As one of the largest wine-growing regions in Croatia, Slavonia has a long viticulture tradition in every corner—from Bilogora to Papuk—dating back to Roman times.
The appellation. Cured meats, over the top hospitality, and extremely large portions are thnorm in Slavonia. Driving through this part of Eastern Croatia you also pass orchards of apples, plums, and apricots – fertile soil and a continental climate. Daruvar translates to “Crane town,” hence the label, and is located at the foothills of Papuk Mountain. Winemaking started more than 2200 years and focuses on white varieties with a special emphasis on the locally favored Graševina grape.
This ancient grape produces delicate fresh wines with light aromas of stone fruits and tree blossom with a texture both creamy and electric. Sadly, since it was (and is) the most widely planted grape in Croatia, the socialist machine flooded the market with over-cropped, subpar, industrial, and generally characterless wines. Furthermore, despite the name, there is no relationship to the Rhine Riesling of Germany, which set unrealistic expectations for the grape. Post Communism and after the Daruvar cellar was restored in 1995, there is an opportunity to reestablish Graševina to its former glory. Enologist and chief winemaker Suzana Jurišić has been at the helm for over 16 years and firmly believes that this grape belongs in this place.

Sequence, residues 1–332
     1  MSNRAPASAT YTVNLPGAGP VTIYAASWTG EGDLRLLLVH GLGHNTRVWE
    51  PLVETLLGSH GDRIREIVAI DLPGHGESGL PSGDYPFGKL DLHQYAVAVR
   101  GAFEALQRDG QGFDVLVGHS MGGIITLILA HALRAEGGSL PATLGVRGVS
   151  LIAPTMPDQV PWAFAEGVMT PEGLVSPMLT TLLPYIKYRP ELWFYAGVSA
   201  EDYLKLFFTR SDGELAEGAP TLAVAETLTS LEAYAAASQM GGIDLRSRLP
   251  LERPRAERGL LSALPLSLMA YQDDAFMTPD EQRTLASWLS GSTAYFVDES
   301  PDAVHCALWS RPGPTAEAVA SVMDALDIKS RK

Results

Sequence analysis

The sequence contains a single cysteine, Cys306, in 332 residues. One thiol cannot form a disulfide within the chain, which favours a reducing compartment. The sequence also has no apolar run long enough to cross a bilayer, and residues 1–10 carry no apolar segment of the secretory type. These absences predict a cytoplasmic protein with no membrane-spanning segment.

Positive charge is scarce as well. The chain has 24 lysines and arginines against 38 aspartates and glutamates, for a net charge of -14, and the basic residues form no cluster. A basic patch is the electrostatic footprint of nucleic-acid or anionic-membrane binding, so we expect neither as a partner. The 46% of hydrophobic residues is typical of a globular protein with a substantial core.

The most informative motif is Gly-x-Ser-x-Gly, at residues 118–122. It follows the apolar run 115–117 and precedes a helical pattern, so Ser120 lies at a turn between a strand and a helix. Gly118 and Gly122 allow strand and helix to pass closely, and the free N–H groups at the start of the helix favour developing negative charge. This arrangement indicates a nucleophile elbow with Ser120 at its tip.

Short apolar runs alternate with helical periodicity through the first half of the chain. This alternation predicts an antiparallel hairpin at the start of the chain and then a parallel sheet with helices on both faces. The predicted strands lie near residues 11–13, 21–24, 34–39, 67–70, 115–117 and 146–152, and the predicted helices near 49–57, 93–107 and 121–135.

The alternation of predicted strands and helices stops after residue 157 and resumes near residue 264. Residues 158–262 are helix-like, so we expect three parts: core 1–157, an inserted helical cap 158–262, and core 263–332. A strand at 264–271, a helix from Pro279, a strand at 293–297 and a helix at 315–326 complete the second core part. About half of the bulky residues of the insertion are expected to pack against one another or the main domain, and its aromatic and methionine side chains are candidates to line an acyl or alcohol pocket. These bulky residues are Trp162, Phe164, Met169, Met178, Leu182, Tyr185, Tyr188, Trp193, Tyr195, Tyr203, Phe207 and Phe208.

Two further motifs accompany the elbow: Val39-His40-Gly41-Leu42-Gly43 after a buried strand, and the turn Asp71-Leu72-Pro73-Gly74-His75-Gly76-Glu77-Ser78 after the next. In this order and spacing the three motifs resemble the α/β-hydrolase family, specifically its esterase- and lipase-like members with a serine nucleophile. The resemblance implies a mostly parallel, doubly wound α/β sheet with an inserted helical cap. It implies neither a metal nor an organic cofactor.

In the vineyards. Graševina is late budding and late ripening, but retains healthy levels of acidity when properly cropped back. A cold hardy grape, the gentle loess and loam rich slopes of Papuk and Psunj, 150-230 meters above sea level, are also ideal conditions for a long healthy growing season. The grape is also very productive, hence a favorite of the high yield aimed Communist era, but after extensive shoot selection and green harvesting the aromatics pop and in certain conditions, botrytised wines can also be made.
In the cellar. The walls of the cellar, built in 1777, are up to 2 meters thick and several meters below the ground level, guaranteeing a cellar temperature of 10-14°C both in summer and winter. Stainless steel tanks and large foudres line the walls. Winemaking for the fresh 2011 bottling is simple and clean. Grapes are hand harvested, pressed, and fermented in temperature controlled stainless steel tanks for 2-3 weeks before being racked to settle in a reductive environment.